Everything seemed so slow and after years of living in “flight or fight” mode he couldn’t adjust to the even keel of everyday life. That was the reason he was on the Camino, however even here he hadn’t been able to slow down and was averaging 40km every day!

Bruce went on to admit that he was also struggling with things he had seen in Afghanistan and said his wife had the idea that walking the pilgrimage may help him to break down some of the walls he had built to block out the memories that had plagued him.

He admitted that he’d never told anyone this at all.

He had, when asked why he was walking, said it seemed a great accomplishment and had never mentioned any of his history to anyone along the way. He said he was happy to chat with people in the evening, but during the day, he was just walking with his god.

At this point I have tears rolling down my face, I turn and Sue is the same. The Kiwi couple are staring into their empty bowls and also looking stunned at the turn in conversation. It was one of those moments where you know you have to become involved, no matter how much it seems like you are on the outer.

I asked Bruce how he was going with tearing down the walls. He replied that he didn’t think he’d had much success so far. Without thinking I told him that I thought he had just kicked a giant brick out of the bottom of a massive load bearing wall.

I went on to say that while we were all strangers he hadn’t let that stop him telling us why he was on the Camino. That seemed like such a huge achievement to me and when I explained that, he got a little glassy eyed himself.

We excused ourselves and went to bed leaving them to it. I got up at 1am to use the bathroom and they were still sitting downstairs talking. How very fortuitous that two ex soldiers were there to help each other in a tiny village in Spain, a thousand miles from Afghanistan but a single step from each other.


The Camino Provides

I’m not religious at all, I’m not even spiritual but I was so very glad to have been there the night that these two special souls got to talk out some deep and destructive memories. We never saw either of them again but I think of them so often and this memory always helps me to maintain my faith in humankind.

There is a saying: “The Camino Provides”. I never saw a better example of that and have now adopted that saying in my everyday activities. I’ve changed it a little but I truly do believe that “Life Provides” . You just have to put yourself out there and trust it will happen.

Camino Trek (Exodus Travels
Walking the Camino de Santiago

Camino De Santiago Walking Guides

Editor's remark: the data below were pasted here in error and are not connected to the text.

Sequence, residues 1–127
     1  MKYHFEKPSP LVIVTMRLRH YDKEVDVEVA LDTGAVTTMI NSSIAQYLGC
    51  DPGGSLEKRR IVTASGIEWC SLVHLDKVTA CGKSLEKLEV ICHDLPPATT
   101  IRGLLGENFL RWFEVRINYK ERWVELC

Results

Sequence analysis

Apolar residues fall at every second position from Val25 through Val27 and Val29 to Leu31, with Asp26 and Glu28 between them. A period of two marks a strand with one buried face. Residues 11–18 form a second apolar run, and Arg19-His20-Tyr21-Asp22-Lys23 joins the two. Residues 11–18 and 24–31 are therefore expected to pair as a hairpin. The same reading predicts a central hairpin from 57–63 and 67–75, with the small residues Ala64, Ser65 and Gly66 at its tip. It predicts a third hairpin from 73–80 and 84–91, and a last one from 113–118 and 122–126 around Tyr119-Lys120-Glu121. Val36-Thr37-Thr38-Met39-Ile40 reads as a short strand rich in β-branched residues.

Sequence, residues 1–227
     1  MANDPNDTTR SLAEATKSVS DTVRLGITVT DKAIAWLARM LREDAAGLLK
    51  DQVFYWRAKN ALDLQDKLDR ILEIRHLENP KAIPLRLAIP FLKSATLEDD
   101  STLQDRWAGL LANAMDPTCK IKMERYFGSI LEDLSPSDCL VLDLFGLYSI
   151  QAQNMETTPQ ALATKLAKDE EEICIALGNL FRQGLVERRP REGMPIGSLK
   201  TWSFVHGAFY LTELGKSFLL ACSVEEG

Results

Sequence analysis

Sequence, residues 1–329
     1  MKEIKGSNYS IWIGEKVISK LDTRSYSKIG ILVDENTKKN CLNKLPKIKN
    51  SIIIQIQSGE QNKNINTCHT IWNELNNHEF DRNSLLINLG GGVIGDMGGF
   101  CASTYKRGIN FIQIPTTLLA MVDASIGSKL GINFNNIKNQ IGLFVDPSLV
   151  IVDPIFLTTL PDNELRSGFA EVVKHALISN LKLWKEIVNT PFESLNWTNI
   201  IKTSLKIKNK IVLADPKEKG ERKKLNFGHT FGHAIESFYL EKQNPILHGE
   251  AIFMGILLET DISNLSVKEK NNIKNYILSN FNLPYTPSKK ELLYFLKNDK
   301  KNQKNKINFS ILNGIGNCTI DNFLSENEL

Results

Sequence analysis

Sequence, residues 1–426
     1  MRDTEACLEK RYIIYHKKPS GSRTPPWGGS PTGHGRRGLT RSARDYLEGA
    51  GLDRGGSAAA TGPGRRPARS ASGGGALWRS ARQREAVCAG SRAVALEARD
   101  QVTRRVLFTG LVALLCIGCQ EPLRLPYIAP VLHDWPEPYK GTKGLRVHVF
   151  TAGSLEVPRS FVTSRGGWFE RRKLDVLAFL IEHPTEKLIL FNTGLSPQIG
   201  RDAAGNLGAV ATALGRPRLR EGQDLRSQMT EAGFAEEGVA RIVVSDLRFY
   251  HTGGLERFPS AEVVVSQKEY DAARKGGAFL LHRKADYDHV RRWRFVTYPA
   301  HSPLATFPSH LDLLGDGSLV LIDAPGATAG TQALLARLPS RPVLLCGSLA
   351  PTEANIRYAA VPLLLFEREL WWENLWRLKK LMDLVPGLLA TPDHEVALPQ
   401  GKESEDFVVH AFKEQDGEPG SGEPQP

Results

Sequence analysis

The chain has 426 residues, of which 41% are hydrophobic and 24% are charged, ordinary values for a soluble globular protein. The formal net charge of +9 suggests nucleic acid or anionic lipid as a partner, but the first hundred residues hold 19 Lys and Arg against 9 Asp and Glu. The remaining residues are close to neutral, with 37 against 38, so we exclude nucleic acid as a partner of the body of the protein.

Once we were on the Camino we used mostly apps to see where we were and where the next Alburgue might be, however during the researching phase and if you are a planner (unlike me) any of the guides or apps will help you a great deal.

The only thing I will say though – is that the John Brierley one is used as a bible by a LOT of the Camino hikers so if you would like a quieter more unique Camino experience, try to avoid the stops he suggests.

People follow that thing like it's the only way they can do it and after the first few days, we avoided those stops like the plague and didn't regret it. It is a great handbook for sure, but I had absolutely no desire to see the same people every day so we mixed it up a lot.

Your Camino Stories

If you have some similar “Soothe Your Soul” stories I would love to hear them. I'm planning a feature on my website with incredible stories from around the globe.

Terms:

  • You must have been involved. It can't be something you've heard or someone told you. I want stories that you were there first hand for.
  • You must be prepared to tell it warts and all. Often the bad enforces the good.
  • I'd love to hear why this particular story resonated so strongly with you.

Check out my Spain Destination Page for all the info, posts & places to visit in Spain



Jenny Marsden - Charge The Globe
About the author

Meet Jenny, a passionate Australian travel blogger who has explored 103 countries to date. With over 30 years of travel experience, Jenny has a wealth of knowledge to share with her readers about the cultures, landscapes, and people she has encountered on her journeys. She's always battling unfashionably frizzy hair and you will never catch Jenny in anything but comfortable shoes. Learn more about Jenny and her travels.